We were locked in Père Lachaise for the night.
Panic rose in my chest. It was February and bitterly cold. Even if we could find somewhere to curl up and go to asleep we’d be frozen by the morning. There was nothing for it but to go back to the main entrance and knock on the door of one of the houses we’d seen there.
We knocked. And knocked. And knocked.
No answer.
With no mobile phone to call for help (they didn’t work abroad back then) we had no choice but to sit on the pavement, light cigarettes and stare desperately at the closed gates in front of us as we tried to decide what to do next. The perimeter fence was high and, even if my friend gave me a foot up, I knew I didn’t have enough upper body strength to make it over the top. I was just about to go back to the house to knock some more when the enormous double gates in front of us swung open and a car, headlights on full, drove towards. One of us might have said “Run!” or maybe we didn’t need words. Either way, thirty seconds later we were on the other side of the cemetery, grabbing each other and laughing with relief.
Later that evening my friend told me he was still in love with me.
But that’s another story.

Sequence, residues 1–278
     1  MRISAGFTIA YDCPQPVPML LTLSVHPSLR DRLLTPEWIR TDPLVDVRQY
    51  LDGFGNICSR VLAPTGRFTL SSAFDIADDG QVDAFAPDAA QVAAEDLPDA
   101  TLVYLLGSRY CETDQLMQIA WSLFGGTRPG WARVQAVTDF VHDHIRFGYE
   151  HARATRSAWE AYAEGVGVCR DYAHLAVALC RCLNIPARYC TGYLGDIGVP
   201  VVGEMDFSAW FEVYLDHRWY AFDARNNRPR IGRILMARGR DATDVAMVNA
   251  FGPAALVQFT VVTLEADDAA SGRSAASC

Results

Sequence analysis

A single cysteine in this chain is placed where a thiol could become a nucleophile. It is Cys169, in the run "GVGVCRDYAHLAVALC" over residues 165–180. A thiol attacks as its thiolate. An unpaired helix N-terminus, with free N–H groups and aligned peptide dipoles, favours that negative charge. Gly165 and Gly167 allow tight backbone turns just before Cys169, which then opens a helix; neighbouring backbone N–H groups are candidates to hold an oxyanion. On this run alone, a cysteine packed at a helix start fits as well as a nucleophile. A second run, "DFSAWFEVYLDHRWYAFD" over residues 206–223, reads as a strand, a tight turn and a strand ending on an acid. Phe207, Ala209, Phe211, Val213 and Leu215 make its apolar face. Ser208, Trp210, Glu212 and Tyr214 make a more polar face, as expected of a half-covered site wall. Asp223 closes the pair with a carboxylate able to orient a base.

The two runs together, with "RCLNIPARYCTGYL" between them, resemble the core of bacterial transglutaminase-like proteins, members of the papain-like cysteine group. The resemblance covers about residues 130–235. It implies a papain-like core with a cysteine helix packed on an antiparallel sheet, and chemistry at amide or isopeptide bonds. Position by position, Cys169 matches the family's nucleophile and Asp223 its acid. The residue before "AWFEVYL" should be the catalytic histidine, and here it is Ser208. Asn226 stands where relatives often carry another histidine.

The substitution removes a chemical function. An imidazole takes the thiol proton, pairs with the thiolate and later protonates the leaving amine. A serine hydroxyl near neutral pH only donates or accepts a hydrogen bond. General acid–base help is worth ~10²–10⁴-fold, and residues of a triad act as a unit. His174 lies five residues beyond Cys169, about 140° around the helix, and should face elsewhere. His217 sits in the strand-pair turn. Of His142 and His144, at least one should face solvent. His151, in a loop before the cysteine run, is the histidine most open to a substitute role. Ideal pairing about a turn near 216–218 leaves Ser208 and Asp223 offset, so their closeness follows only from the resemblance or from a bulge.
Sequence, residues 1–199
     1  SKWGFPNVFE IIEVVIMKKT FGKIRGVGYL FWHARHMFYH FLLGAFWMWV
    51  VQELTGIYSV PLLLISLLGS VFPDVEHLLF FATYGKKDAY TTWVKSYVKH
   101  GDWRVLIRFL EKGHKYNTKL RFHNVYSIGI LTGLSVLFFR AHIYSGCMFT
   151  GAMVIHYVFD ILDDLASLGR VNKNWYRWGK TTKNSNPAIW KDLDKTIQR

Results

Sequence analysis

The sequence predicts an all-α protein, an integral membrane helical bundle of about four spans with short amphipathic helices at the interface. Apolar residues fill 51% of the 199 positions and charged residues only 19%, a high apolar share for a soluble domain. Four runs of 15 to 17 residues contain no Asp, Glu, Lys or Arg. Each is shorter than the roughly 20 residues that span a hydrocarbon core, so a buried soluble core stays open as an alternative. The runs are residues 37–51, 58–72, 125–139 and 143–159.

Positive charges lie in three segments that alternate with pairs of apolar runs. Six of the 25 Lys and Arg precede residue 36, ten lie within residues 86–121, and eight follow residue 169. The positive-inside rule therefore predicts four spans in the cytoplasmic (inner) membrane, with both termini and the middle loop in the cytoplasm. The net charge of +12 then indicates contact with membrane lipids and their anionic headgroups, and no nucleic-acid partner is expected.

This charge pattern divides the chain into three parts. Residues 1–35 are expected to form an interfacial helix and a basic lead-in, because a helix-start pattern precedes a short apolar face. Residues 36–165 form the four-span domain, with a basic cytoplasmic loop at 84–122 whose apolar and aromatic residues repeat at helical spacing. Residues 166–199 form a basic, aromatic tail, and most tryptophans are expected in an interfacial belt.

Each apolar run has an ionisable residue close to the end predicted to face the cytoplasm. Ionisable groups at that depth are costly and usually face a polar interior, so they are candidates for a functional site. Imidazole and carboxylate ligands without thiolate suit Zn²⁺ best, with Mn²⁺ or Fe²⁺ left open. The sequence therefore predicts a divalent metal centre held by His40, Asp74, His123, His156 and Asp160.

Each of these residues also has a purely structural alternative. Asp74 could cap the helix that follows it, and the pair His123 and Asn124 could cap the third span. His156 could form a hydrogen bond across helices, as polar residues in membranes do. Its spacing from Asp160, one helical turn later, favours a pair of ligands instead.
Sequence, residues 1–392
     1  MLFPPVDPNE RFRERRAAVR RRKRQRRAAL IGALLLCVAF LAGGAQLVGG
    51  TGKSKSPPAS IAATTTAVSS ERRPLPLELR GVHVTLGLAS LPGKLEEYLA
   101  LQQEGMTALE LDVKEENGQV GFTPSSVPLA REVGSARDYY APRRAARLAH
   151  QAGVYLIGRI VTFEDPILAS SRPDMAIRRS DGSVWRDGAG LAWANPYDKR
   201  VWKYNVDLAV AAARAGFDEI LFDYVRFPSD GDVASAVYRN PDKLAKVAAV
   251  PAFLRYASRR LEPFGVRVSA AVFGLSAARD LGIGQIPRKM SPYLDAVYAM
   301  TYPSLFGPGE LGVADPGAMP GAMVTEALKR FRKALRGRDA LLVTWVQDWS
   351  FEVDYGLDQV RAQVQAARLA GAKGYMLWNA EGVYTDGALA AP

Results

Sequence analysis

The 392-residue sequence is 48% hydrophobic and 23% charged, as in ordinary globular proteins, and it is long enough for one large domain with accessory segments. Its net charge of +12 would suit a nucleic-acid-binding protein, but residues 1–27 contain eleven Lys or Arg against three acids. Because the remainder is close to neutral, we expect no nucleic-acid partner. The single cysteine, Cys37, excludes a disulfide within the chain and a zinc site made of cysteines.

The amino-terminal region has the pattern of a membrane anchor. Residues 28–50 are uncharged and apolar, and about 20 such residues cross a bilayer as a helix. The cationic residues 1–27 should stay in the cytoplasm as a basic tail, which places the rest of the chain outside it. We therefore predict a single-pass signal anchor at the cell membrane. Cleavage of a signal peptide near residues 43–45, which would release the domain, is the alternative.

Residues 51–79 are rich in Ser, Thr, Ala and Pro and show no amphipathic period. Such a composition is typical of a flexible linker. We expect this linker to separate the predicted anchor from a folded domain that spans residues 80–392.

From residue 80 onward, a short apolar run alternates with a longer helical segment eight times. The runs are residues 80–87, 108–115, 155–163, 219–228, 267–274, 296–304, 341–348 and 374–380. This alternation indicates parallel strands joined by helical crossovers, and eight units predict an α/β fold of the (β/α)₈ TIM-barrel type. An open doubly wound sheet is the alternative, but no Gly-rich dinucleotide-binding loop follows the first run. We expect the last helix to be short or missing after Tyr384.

By CL Taylor

“Keeping this secret is killing me”

To the outside world Susan Jackson has it all – a loving family, a successful politician husband and a beautiful home – but when Charlotte, her fifteen year old daughter,  deliberately steps in front of a bus and ends up in a coma Sue questions whether any of it was real.
Desperate to find out what caused Charlotte’s suicide attempt, she is horrified by an entry in her diary – ‘Keeping this secret is killing me’.  As Sue spins in desperate circles, she risks everything to discover the truth and finds herself immersed in a shady world she didn’t know existed. The deeper she delves the darker the world becomes and the more danger she puts herself in.
Can Sue wake up from the nightmares that haunt her and save her daughter, or will ‘the secret’ destroy them both?
(to be published in the UK by HarperCollins/Avon, June 2014 and in the USA by Sourcebooks, June 2014)